In 2010 I took a trip through North Carolina. The landscape told a story. Dotted along the roadside were abandoned black buildings, the old tobacco sheds. The decline of the rural economy had rendered them obsolete. Over the fields that would once have been full of farmers were freshly tarmacked roads, stretching out to nowhere. My guide explained that these were supposed to be cul-de-sacs for new houses. North Carolina was going through a property boom. But who was going to buy all those homes, I asked? The answer: damn Yankees.

Demography is destiny. This once agri­cultural region developed fast from the 1960s onwards by keeping union membership, taxes and regulation as low as possible. Yet capitalism proved disastrous for southern conservatism. Northerners flooded in, seeking work or retirement and bringing their own values. The forecast is that North Carolina’s Research Triangle – the South’s Silicon Valley – will grow by 700,000 jobs and 1.2 million people in two decades.

White migration was accompanied by an influx of Spanish speakers as the service sector flourished. Between 2000 and 2010, the white share of the population of North Carolina fell from 70 to 65 per cent. The black proportion remained at roughly 21 per cent. The Latino proportion, however, jumped from 4.7 per cent to 8.4 per cent. Today, the proportion of people who are non-white and over 60 is about a third. But it’s approaching nearly half for those under 18. As a result, politics in the South is no longer biracial: a contest between white and black. It is increasingly multiracial and uncoupled from the region’s complex past.

The impact of these changes is reflected in voting patterns. In 2000, the South was still overwhelmingly Republican in presidential contests. Even the Democratic nominee, Al Gore, a southerner, lost his home state of Tennessee. But in 2008 and 2012, Barack Obama took those states with the fastest-changing demographics: Florida and Virginia. He won North Carolina in 2008 and lost it in 2012 – but by less than 100,000 votes. It is true that the Republicans won back control in the 2014 midterm elections, with the result that the Deep South now sends few Democrats to Congress; but the region’s political masters are not quite as traditional-minded as they once were.

The Republican relationship with the Confederate past is complex. As the party of Abraham Lincoln and the Union, the GOPs’ southern support was historically small. But in the 1960s the national Democratic Party embraced civil rights and alienated its once loyal southern following; the Republicans took the opportunity to steal some conservative white voters.

The growing southern Republican vote had a class component. Its success in local and congressional races was built more on winning over middle-class moderates than on appealing to the working-class racists who filled the ranks of the Ku Klux Klan. The southern Republican Party did enthusiastically embrace the Confederate battle flag in many quarters. But some office-holders did so only with ambiguity, while large sections of the party never identified with it at all. The period of Republican ascendancy in the South was, in reality, linked with a softening of the area’s racial politics.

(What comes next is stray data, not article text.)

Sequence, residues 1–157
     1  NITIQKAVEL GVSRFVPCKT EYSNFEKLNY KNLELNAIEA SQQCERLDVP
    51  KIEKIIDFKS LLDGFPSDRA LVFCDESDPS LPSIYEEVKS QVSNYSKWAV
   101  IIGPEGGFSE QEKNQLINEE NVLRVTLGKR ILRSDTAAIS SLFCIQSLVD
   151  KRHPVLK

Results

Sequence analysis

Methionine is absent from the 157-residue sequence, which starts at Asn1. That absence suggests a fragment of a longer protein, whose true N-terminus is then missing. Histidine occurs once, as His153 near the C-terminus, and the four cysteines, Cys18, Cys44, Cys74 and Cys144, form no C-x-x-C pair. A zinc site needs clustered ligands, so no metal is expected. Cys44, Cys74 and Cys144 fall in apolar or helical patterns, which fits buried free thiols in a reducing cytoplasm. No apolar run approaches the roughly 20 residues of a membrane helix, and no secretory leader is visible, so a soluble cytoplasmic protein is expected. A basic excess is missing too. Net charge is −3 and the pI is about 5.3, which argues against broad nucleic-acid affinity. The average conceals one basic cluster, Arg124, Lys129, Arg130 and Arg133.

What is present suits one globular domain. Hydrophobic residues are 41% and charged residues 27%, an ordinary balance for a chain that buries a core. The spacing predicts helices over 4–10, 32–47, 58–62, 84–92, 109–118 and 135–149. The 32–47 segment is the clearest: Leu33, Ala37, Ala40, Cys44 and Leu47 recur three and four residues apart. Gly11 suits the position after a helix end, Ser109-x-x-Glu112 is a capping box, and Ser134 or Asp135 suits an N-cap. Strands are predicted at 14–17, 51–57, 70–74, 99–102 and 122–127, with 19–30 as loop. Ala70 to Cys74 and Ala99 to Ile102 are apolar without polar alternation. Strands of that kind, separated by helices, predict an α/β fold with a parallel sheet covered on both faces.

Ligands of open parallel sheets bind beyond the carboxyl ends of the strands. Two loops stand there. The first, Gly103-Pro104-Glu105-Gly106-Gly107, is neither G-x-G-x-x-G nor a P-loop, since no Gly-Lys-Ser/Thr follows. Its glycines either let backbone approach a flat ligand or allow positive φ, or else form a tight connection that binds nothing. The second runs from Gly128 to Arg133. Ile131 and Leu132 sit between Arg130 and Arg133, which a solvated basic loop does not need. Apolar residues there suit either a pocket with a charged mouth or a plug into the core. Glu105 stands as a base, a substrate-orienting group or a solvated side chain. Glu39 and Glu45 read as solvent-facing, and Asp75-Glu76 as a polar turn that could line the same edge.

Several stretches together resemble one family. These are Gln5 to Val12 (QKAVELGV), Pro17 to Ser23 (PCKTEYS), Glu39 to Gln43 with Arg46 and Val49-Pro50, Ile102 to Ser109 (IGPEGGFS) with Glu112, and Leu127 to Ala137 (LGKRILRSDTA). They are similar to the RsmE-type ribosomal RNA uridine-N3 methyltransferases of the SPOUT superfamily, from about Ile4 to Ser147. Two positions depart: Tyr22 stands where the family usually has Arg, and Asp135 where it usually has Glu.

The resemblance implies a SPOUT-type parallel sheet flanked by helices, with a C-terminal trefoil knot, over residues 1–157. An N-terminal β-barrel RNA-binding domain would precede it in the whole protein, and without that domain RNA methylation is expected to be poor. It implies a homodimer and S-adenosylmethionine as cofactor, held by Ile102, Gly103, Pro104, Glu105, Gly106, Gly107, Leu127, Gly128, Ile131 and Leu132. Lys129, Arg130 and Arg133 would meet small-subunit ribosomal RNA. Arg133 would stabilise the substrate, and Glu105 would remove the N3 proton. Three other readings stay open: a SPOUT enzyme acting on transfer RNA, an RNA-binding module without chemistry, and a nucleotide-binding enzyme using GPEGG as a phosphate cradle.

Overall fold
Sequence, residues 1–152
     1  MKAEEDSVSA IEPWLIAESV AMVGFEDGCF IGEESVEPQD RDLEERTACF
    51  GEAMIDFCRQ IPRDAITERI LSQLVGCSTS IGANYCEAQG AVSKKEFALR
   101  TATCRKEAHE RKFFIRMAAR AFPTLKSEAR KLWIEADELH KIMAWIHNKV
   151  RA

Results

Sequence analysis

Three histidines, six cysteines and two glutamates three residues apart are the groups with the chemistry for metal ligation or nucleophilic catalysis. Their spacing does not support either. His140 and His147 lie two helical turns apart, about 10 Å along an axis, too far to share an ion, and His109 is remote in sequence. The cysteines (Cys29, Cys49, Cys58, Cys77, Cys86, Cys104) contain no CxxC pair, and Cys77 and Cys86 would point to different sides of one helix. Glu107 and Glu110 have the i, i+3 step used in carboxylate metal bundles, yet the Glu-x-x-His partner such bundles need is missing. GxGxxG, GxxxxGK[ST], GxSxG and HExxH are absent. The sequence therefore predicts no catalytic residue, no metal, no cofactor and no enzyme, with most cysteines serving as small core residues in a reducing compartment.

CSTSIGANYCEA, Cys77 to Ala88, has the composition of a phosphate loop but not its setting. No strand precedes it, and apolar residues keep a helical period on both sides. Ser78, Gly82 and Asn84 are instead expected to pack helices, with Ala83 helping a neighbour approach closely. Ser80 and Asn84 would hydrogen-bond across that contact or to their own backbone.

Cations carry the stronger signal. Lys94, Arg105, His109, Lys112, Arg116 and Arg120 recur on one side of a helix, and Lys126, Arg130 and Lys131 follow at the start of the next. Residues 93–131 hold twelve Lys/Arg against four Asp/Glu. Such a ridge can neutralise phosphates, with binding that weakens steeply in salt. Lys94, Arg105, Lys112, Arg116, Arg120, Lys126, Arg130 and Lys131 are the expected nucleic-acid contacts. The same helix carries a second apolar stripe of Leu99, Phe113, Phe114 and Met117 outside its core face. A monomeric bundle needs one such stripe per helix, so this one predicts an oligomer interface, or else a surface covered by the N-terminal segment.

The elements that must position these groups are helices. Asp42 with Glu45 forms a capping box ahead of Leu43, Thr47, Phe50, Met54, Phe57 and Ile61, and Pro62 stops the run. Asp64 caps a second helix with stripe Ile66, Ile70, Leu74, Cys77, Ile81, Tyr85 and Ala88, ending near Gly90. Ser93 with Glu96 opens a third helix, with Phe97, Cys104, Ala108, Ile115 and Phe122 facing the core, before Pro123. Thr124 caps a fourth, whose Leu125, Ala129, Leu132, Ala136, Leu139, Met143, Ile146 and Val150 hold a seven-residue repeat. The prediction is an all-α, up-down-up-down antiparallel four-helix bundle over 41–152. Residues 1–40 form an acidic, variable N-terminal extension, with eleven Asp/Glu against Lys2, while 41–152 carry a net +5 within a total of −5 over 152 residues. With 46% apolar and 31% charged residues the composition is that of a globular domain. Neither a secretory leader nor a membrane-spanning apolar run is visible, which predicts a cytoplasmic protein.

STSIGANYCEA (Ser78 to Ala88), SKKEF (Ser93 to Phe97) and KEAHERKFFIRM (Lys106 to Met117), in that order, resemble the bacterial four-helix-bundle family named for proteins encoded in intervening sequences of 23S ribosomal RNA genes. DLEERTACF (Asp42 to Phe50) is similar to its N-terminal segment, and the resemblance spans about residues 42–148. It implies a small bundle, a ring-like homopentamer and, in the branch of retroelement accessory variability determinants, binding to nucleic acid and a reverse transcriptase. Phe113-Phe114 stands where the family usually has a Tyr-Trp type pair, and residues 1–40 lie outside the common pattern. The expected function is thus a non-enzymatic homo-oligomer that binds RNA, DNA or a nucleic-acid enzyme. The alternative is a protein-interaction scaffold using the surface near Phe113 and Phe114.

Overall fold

Two of the Republicans’ current southern stars are Indian Americans: Bobby Jindal, the governor of Louisiana, and Nikki Haley, the anti-flag governor of South Carolina. There are just two black people in the US Senate and one of them is a Republican, the Tea Party-backed senator for South Carolina, Tim Scott. Marco Rubio, the Floridian senator and presidential candidate, is Cuban American, and the former Florida governor Jeb Bush is married to a Mexican-born woman and speaks fluent Spanish. Bush has tried to push a more moderate line on immigration, in deference to how the GOP will struggle to win the White House if it appeals only to angry white voters. The Kentucky libertarian senator Rand Paul, Jack Hunter’s former boss, has called for legal reforms to correct the trend of keeping far more black than white people in prison. And he is not the only Republican to have been moved by recent race riots sparked by police violence.

***

Violence on the streets of Ferguson, Missouri, and Baltimore, Maryland, confirmed that there still is a culture war in the US. Yet its character has changed. In the past, civil disturbances were typically leapt upon by conservative politicians as evidence of social decline. The 1992 LA riots were blamed on single parenthood and rap lyrics. In contrast, conservative leaders today are far more likely to acknowledge the problems of white racism. There is no place in their ranks for the likes of Dylann Roof. White supremacists are tiny in number.

Jack Hunter claims: “The KKK is like 12 guys in a telephone booth. Liberal groups will use their threat for fundraising but it doesn’t exist. It hasn’t properly since the 1960s.” Roof’s actions say more about gun control, mental illness and the angst of the young than they do about popular, largely liberal views on race, as polling shows.